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Z CDC/ATSDR Centers for Disease Control and Prevention/ Agency for Toxic Substances and Disease Registry President’s Budget Request Fiscal Year 2014.

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Presentation on theme: "Z CDC/ATSDR Centers for Disease Control and Prevention/ Agency for Toxic Substances and Disease Registry President’s Budget Request Fiscal Year 2014."— Presentation transcript:

1 z CDC/ATSDR Centers for Disease Control and Prevention/ Agency for Toxic Substances and Disease Registry President’s Budget Request Fiscal Year 2014

2 Overview Overview of CDC FY 2014 President’s Budget Request Questions and answers

3 Founded in 1946 Part of the U.S. Department of Health and Human Services Headquartered in Atlanta, Georgia 10,000+ full-time employees 70% of funding helps state and local public health departments, others CDC: Our nation’s health protection agency

4 CDC activities Monitor health Detect and investigate health problems Conduct research to enhance prevention Develop evidence for policies that improve public's health Promote healthy behaviors and implement prevention strategies Foster safe and healthful environments Provide leadership and training

5 Save lives, protect people, save money through prevention Ready 24 hours a day, 7 days a week to respond to and prepare for infectious diseases, environmental hazards, injuries, and other health threats and emergencies Analyzes health information and investigates health threats to protect people in the U.S. and around the world Promotes proven methods to prevent disease, improve health, and lower health costs

6 Putting science into action CDC turns science into real-world solutions and applies science to protect people and improve health

7 Strengthen communities Majority of CDC’s funding goes to state and local public health departments, providing them with resources and support to protect Americans from health threats

8 CDC protects Americans from threats from this country and around the world Infectious diseases (reference, diagnosis, research) Preparedness and response (bioterrorism, outbreaks, disasters) Lab standards and science (quality & regulatory compliance) Environmental health (genetics, nutrition, chemicals, toxins) Global health (HIV, malaria, TB, emerging diseases) Occupational safety and health (workplace safety) CDC operates ~150 labs with ~2,500 scientists and other lab staff

9 Anchorage, AK Atlanta, GA Morgantown, WV Cincinnati, OH Ft Collins, CO San Juan, PR CDC lab facilities in the U.S.

10 Key winnable battles Six areas where public health can have a substantial impact Nutrition, Physical Activity, Obesity and Food Safety Healthcare- Associated Infections HIV Motor Vehicle Injuries Tobacco Teen Pregnancy

11 CDC works to protect us from health, safety, and security threats Provides real-time response during emergencies Works with state and local health departments to investigate and control outbreaks Every day, CDC begins at least one investigation of potentially deadly health threat On average, CDC discovers one new microbe or new form of an old one each year "CDC is the for the world.” Ambassador Carson, Assistant Secretary of State for African Affairs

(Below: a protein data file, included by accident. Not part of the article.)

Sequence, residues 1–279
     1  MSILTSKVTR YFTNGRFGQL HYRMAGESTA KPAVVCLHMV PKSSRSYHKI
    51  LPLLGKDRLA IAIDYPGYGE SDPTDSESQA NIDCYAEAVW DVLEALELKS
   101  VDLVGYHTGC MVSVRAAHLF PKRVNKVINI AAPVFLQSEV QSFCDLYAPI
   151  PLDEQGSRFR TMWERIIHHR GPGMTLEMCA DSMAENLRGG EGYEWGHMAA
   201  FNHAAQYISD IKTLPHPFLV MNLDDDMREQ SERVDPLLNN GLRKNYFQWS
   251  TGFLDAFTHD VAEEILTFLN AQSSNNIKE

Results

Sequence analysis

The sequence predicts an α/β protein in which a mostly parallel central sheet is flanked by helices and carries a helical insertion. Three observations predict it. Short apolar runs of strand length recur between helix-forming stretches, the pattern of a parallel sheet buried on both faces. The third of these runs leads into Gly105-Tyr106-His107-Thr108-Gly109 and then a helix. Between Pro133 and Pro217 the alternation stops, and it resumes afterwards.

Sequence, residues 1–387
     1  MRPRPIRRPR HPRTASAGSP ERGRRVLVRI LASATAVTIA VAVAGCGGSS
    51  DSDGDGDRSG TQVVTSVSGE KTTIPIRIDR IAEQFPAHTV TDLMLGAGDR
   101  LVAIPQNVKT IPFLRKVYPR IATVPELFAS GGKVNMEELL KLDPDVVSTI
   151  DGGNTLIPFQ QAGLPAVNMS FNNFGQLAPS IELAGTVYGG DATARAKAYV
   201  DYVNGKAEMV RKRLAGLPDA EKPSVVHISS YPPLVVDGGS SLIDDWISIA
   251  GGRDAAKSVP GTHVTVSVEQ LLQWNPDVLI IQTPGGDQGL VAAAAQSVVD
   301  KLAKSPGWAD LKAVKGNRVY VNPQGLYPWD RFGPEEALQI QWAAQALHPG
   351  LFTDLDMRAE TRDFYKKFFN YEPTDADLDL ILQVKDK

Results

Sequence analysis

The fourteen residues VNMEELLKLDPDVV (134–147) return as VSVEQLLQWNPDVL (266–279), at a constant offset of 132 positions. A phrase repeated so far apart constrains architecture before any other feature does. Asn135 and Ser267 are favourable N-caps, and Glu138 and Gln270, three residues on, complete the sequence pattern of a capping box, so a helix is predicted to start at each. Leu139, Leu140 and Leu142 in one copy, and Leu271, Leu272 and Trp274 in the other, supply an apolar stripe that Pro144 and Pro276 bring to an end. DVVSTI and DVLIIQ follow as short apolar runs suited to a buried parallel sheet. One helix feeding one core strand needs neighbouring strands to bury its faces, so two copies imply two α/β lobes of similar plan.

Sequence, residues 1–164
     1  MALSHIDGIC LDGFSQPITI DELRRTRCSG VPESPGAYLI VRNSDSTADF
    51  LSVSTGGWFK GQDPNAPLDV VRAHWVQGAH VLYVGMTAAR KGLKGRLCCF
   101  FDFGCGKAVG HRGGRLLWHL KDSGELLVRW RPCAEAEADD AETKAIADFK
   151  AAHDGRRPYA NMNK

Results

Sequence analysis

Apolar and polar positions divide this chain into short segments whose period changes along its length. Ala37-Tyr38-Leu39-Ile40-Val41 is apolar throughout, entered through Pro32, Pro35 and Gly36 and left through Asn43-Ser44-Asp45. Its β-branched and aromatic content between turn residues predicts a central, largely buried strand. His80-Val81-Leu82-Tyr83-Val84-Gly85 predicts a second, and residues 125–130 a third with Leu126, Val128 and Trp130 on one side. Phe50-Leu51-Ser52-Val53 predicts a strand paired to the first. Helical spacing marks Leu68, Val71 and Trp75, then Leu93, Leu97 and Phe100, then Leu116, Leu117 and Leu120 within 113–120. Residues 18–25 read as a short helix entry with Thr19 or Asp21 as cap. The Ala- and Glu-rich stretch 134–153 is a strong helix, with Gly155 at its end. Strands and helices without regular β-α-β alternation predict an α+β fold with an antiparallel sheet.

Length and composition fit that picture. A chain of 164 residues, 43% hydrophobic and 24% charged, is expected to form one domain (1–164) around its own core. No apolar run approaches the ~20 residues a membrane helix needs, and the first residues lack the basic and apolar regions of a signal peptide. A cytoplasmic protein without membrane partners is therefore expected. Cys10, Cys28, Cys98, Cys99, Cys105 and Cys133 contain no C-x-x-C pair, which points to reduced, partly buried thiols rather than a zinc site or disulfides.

12 CDC tracks food poisoning cases and monitors for outbreaks across the U.S. to help keep us healthy In 2012 CDC Tracked >30 pathogens known to cause foodborne illness Monitored an average of 20 clusters of foodborne illness every week Investigated >200 cases that cross state lines Information led to recall of 300 products, such as peanut butter, leafy greens, cantaloupes, sprouts, ground beef, raw scraped ground tuna, mangoes, dry dog food, and ricotta cheese “There are certain things only a government can do. And one of those things is ensuring that the foods we eat are safe and do not cause us harm.” President Obama

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14 CDC’s disease detectives Epidemic Intelligence Service (EIS) 2-year program of service and on-the-job training for health professionals interested in practice of epidemiology Every year, 70–80 people assigned to CDC or state/local health departments EIS officers conduct epidemiologic investigations, research, and public health surveillance nationally and internationally 75% of EIS graduates stay in public health at CDC or in state/local health departments

15 CDC provides health information CDC publishes scientific journals and educates the public by providing health information so they can make informed decisions about their health, safety, and security

16 CDC staff throughout the world 300+ direct hires in 50+ countries 1,300+ host country national staff 40+ staff detailed to international organizations

17 CDC Global Disease Detection Centers CDC staff GDD regional center

18 CDC global immunization activities CDC staff Global immunization activities

19 CDC global influenza activities CDC staff CDC influenza international

20 CDC malaria assignees CDC staff CDC malaria assignees

21 CDC Field Epidemiology Training Programs CDC staff CDC Field Epidemiology Training Programs

22 CDC and Department of Defense collaborations CDC staff DoD collaboration

23 CDC global AIDS program CDC staff CDC global AIDS program

24 CDC provides assistance throughout the world CDC staff GDD regional center Global immunization CDC influenza international CDC malaria assignees CDC Field Epidemiology Training Program DoD collaboration CDC global AIDS program

25 CDC helps save lives and reduce illness around the world Protects our borders by stopping epidemics before they spread Provides stability by preventing diseases that increase poverty and contribute to political unrest in many countries Promotes economic viability by reducing disruptions in productivity, international trade and markets caused by illnesses and outbreaks Partners with ministries of health to provide training for health officials, establish health surveillance systems, and adapt effective public health interventions so that countries can protect the health of their citizens

26 CDC stops epidemics and saves lives around the world Immunizations Helped cut measles deaths and saved 10.7M lives worldwide from 2000−2011 Helped reduce global polio cases from 350,000 to <250 Haiti response Cholera response activities helped avert >9,000 deaths Doubled HIV treatment, increased vaccination rates, introduced new vaccines and treatments – all with local, sustainable leadership Helped create stronger, sustainable public health and health care systems in Haiti Lymphatic filariasis Provided mass drug administration with nearly 2B treatments to 600M people

27 The world is closer than ever to polio eradication